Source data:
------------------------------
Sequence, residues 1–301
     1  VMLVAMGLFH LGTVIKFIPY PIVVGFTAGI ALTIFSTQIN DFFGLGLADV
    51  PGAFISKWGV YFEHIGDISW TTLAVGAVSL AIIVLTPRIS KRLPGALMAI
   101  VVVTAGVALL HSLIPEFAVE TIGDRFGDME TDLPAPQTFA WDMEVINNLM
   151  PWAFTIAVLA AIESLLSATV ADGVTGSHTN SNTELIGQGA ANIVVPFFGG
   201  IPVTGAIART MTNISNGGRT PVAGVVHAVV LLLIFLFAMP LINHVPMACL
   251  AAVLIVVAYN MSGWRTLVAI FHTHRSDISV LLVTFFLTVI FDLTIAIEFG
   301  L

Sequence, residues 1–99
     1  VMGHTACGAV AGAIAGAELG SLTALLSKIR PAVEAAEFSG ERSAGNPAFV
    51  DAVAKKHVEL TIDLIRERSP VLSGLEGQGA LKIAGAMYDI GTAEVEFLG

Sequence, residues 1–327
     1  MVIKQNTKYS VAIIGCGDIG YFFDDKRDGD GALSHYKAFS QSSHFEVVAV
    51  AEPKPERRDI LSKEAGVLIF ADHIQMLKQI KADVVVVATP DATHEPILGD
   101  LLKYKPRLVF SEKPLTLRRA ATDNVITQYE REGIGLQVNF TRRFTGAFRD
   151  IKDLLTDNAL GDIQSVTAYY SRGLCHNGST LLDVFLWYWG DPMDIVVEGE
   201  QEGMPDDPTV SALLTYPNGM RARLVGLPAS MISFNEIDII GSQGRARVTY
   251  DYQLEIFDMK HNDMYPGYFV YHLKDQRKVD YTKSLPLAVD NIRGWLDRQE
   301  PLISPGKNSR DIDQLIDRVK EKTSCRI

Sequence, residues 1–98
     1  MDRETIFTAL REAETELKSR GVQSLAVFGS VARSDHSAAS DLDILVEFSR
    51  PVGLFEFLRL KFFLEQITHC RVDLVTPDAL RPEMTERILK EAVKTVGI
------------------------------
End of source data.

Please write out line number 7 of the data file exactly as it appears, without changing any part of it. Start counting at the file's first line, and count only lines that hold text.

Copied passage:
   251  AAVLIVVAYN MSGWRTLVAI FHTHRSDISV LLVTFFLTVI FDLTIAIEFG